Autumn tree colors

October 12th, 2015 |

Terra MODIS true-color image [click to enlarge]

Terra MODIS true-color image [click to enlarge]

A 250-meter resolution Terra MODIS true-color Red/Green/Blue (RGB) image from the SSEC MODIS Today site (above) revealed the widespread orange hue of Autumn tree colors over parts of northeastern Minnesota, northern Wisconsin, and the western Upper Peninsula of Michigan on 11 October 2015.

A comparison with the corresponding MODIS false-color RGB image (below) helped to identify 2 features of interest: (1) the large burn scar from the Pagami Creek fire in northeastern Minnesota (12 September 2011), and (2) the long tornado damage scar from the EF3 Langlade tornado in northeastern Wisconsin (07 June 2007). The location of these 2 features appears on this annotated image.

Terra MODIS true-color and false-color images [click to enlarge]

Terra MODIS true-color and false-color images [click to enlarge]

On the following day (12 October), the three MODIS true-color images below showed similar signatures of Autumn tree colors over portions of the Northeast US (SSEC MODIS Today).

Terra MODIS true-color image [click to enlarge]

Terra MODIS true-color image [click to enlarge]

Terra MODIS true-color image [click to enlarge]

Terra MODIS true-color image [click to enlarge]

Terra MODIS true-color image [click to enlarge]

Terra MODIS true-color image [click to enlarge]

The Autumn tree colors across the Northeast US were also evident on Suomi NPP VIIRS true-color imagery, as viewed using the SSEC RealEarth web map server (below).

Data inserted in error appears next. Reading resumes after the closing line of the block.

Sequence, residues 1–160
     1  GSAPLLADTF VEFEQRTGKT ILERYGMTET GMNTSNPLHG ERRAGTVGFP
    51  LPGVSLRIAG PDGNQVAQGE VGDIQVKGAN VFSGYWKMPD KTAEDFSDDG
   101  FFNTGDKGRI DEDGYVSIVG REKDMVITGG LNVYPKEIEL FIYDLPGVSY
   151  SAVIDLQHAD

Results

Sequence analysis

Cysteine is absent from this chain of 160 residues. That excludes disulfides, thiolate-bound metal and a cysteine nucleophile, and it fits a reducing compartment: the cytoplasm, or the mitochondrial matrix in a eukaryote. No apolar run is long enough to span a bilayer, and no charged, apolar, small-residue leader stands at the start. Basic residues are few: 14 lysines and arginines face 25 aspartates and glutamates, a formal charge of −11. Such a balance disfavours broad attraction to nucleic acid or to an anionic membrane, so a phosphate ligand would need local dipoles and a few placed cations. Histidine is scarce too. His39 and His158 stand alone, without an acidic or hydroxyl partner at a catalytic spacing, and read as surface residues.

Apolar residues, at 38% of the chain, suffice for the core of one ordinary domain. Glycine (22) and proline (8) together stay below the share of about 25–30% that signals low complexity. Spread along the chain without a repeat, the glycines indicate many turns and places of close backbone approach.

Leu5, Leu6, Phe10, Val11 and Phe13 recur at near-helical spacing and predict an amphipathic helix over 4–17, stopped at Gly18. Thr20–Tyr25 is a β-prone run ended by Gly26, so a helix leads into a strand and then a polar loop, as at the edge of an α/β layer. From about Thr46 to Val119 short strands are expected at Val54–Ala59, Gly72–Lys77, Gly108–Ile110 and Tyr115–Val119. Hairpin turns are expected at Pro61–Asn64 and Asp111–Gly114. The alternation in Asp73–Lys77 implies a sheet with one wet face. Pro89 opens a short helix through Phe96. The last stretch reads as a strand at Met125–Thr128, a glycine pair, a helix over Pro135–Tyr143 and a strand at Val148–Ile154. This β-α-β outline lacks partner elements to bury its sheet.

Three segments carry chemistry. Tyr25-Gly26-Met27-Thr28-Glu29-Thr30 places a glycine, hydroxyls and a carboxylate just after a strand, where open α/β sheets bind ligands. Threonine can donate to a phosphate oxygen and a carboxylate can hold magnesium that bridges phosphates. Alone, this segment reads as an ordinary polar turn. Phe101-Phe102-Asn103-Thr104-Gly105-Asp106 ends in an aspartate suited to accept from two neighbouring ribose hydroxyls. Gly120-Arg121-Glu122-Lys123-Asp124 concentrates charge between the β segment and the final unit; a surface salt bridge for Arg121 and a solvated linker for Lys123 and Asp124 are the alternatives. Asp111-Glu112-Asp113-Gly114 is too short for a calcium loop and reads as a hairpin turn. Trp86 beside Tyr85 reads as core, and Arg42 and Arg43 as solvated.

Suomi NPP VIIRS true-color image [click to enlarge]

Suomi NPP VIIRS true-color image [click to enlarge]

Moisture from Central Pacific Hurricane Oho moving into British Columbia and Alaska

October 9th, 2015 |
GOES-15 Infrared Water Vapor (6.5 µm) Imagery, 0000 UTC 5 October through 0900 UTC 9 October 2015 [click to animate]

GOES-15 Infrared Water Vapor (6.5 µm) Imagery, 0000 UTC 5 October through 0900 UTC 9 October 2015 [click to animate]

The rocking animation* above shows central Pacific Hurricane Oho forming south of Hawai’i and then moving quickly northeast; moisture associated with the remains of the storm is now moving onshore in British Columbia and Alaska Southeast. It is unusual for central Pacific Hurricanes to influence directly the weather in the Pacific Northwest as Oho will (link). Because of the record number of central Pacific Hurricanes this year (in the satellite era at least), however, it’s perhaps not surprising that this is occurring.